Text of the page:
In all fairness to the designers of Taipei 101, the building does have one saving grace, a reasonably well-designed, reasonably attractive adjoining shopping mall, probably the best in Taipei. The nearly completely leased shopping mall is where the designers of Taipei 101 were the most successful.

The Twin Towers

How exactly does an architectural designer make a tall building look tall? One of the most obvious and effective ways, albeit not the only way, is the way a fashion designer makes a suit of clothes look long, with vertical stripes.

This is the previously mentioned vertical emphasis, but it is not quite as straightforward as it sounds. The elevations of the ill-fated World Trade Center towers were nothing but closely-spaced, thin, white vertical stripes. Unfortunately these vertical stripes were too closely-spaced, too thin, and too white to read as discrete design elements. They registered instead as one giant, blurry moire pattern. The result was the Twin Towers were immense, scaleless, boring expanses of blank wall. When the Twin Towers were completed back in 1973, critics joked that they were the discarded boxes the Chrysler and Empire State buildings came in.

Yes, these vertical stripes were essential components of an innovative load-bearing wall system. Yes, they had to be spaced a mere 22 inches on center for structural reasons. No, that does not excuse the fact that as designed they amounted to an aesthetic disaster. Sound engineering is a necessary but not sufficient condition for good architecture.

Eero Saarinen’s CBS Building, aka “Black Rock,” by contrast, was a success. Aesthetically Minoru Yamasaki’s flimsy white mullions on the WTC didn’t work. Saarinen’s massive black piers did. Obviously something present at CBS was missing at WTC. That something was mass; perceived mass and actual mass. CBS had it, WTC didn’t.

Ironically the 9-11 terrorist attack would affirm the intuitive wisdom that “If it looks right, it probably is right.” In 1945, the Empire State Building survived the direct, head-on impact of a USAF B-25 Mitchell bomber lost in the fog. As the entire world knows, neither of the WTC Twin Towers was able to survive similar impacts by hijacked Boeing 767s.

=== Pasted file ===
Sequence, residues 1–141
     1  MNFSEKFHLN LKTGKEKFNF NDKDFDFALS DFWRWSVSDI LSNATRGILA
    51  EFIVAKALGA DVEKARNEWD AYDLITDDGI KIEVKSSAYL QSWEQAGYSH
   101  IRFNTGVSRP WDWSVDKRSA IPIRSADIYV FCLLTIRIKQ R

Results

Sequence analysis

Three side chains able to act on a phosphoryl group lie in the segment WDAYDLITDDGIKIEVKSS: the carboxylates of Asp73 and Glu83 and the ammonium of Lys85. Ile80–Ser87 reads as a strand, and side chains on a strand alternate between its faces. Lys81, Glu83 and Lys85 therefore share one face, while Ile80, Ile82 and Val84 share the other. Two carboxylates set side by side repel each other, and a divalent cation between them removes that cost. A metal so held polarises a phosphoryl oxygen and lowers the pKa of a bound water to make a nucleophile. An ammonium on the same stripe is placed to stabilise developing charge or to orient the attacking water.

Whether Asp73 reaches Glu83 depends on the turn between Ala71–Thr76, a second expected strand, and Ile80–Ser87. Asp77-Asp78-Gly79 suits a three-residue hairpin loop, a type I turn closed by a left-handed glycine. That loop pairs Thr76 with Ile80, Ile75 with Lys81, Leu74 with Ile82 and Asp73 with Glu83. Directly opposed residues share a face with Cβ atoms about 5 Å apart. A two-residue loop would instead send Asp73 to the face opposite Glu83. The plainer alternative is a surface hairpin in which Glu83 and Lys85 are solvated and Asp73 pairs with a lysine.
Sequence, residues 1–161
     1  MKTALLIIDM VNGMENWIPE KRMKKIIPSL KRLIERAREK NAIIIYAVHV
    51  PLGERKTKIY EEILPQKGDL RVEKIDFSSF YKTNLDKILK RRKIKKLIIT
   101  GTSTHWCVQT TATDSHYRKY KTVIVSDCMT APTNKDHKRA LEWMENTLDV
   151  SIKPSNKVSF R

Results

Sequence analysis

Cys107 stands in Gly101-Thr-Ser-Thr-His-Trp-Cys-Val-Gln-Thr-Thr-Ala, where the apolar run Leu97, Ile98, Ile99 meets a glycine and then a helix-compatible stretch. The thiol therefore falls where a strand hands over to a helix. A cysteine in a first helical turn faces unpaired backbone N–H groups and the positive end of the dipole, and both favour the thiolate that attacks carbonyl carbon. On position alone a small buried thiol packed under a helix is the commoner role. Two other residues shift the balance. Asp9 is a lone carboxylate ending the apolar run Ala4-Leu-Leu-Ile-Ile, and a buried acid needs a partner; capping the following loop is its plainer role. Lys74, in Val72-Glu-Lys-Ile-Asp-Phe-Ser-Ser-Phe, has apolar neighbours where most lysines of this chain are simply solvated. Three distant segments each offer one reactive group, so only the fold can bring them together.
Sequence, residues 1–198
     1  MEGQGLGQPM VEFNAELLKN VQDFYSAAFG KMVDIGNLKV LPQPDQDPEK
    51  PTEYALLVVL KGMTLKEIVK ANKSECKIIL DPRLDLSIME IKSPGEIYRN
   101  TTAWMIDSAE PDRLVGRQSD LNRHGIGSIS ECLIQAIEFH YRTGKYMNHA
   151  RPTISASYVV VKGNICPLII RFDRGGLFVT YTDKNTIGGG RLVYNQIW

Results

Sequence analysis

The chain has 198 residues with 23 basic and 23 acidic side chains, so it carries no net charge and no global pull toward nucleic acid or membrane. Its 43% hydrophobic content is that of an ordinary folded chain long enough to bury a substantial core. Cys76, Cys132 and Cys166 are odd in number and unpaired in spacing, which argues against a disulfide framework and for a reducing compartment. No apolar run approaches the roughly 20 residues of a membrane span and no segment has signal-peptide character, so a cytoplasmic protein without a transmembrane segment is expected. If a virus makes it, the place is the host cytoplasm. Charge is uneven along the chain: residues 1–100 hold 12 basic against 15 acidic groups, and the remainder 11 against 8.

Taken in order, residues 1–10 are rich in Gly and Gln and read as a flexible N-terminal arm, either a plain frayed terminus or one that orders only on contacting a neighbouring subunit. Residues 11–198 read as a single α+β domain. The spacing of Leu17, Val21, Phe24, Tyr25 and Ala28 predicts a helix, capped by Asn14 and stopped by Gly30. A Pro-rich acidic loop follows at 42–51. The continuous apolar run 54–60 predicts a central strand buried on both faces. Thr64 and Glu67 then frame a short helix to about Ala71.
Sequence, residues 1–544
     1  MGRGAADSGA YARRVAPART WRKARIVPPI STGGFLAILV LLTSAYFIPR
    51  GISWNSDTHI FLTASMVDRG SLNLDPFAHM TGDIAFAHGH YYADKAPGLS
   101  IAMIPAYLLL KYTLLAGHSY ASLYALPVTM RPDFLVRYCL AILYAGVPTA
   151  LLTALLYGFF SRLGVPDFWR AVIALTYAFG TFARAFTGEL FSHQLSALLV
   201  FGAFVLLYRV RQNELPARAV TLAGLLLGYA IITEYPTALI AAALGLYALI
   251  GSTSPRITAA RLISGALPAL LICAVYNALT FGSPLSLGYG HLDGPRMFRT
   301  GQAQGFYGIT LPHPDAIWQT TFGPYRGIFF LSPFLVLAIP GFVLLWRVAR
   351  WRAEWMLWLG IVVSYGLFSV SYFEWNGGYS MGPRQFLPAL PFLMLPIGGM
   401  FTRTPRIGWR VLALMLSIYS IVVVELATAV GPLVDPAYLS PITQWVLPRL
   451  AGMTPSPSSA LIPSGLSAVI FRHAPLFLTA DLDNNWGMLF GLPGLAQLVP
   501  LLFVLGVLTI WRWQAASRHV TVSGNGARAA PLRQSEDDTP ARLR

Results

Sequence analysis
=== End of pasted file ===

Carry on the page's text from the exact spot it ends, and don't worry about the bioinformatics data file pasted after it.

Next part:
Bamboo, or Bamboozled?

According to Taipei 101’s designers, the canted sections are reminiscent of segments of bamboo. This is disingenous eyewash. Anyone who has ever seen bamboo cane knows that bamboo diminishes in cross section as it rises. Any given segment of bamboo is invariably smaller in diameter than the segment below.

Taipei 101’s canted sections are exactly the opposite. Unlike bamboo, they increase in cross section as they rise. Unlike bamboo, each canted section is identical to the one below. Taipei 101’s canted sections bear no resemblance whatsoever to segments of bamboo.

Far from evoking the reassuring natural resilience of a stalk of bamboo, Taipei 101 resembles a precarious stack of children’s building blocks, threatening to topple over at the slightest nudge. It is no excuse to say that the intellect knows this isn’t so. Good design requires more than the creation of buildings that we know are stable. Good design requires the creation of buildings that we perceive as stable. The designers of Taipei 101 conveyed a highly undesirable impression of instability. Apparently they did so unintentionally, and are utterly oblivious about the extent of their design blunder. That is the saddest fact of all.

– Bevin Chu

Explanation: Taipei 101 is rising to number one in height
Illustration(s): Taipei 101 from Ground Level; World Trade Center Twin Towers, before 9-11; CBS Building, aka “Black Rock”; Chrysler Building; Empire State Building; Taipei 101 next to the Empire State Building; Sections of Bamboo
Author(s): Tiffany Wu
Affiliation: Reuters
Source: Boston Globe
Publication Date: September 30, 2003
Original Language: English
Editor: Bevin Chu, Registered Architect